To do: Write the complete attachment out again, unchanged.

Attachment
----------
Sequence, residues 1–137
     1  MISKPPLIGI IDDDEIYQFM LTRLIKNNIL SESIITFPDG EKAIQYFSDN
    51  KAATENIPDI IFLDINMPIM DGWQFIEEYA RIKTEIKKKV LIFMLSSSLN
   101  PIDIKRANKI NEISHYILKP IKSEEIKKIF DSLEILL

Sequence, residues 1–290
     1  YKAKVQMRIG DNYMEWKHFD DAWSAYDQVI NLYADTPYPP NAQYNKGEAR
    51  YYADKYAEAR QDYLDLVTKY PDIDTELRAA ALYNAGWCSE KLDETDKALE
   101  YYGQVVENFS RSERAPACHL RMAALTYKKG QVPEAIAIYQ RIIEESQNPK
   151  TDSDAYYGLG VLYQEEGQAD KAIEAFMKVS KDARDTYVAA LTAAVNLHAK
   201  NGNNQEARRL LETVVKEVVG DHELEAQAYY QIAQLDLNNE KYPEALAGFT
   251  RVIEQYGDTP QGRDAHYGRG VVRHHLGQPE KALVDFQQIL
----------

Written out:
Sequence, residues 1–137
     1  MISKPPLIGI IDDDEIYQFM LTRLIKNNIL SESIITFPDG EKAIQYFSDN
    51  KAATENIPDI IFLDINMPIM DGWQFIEEYA RIKTEIKKKV LIFMLSSSLN
   101  PIDIKRANKI NEISHYILKP IKSEEIKKIF DSLEILL

Sequence, residues 1–290
     1  YKAKVQMRIG DNYMEWKHFD DAWSAYDQVI NLYADTPYPP NAQYNKGEAR
    51  YYADKYAEAR QDYLDLVTKY PDIDTELRAA ALYNAGWCSE KLDETDKALE
   101  YYGQVVENFS RSERAPACHL RMAALTYKKG QVPEAIAIYQ RIIEESQNPK
   151  TDSDAYYGLG VLYQEEGQAD KAIEAFMKVS KDARDTYVAA LTAAVNLHAK
   201  NGNNQEARRL LETVVKEVVG DHELEAQAYY QIAQLDLNNE KYPEALAGFT
   251  RVIEQYGDTP QGRDAHYGRG VVRHHLGQPE KALVDFQQIL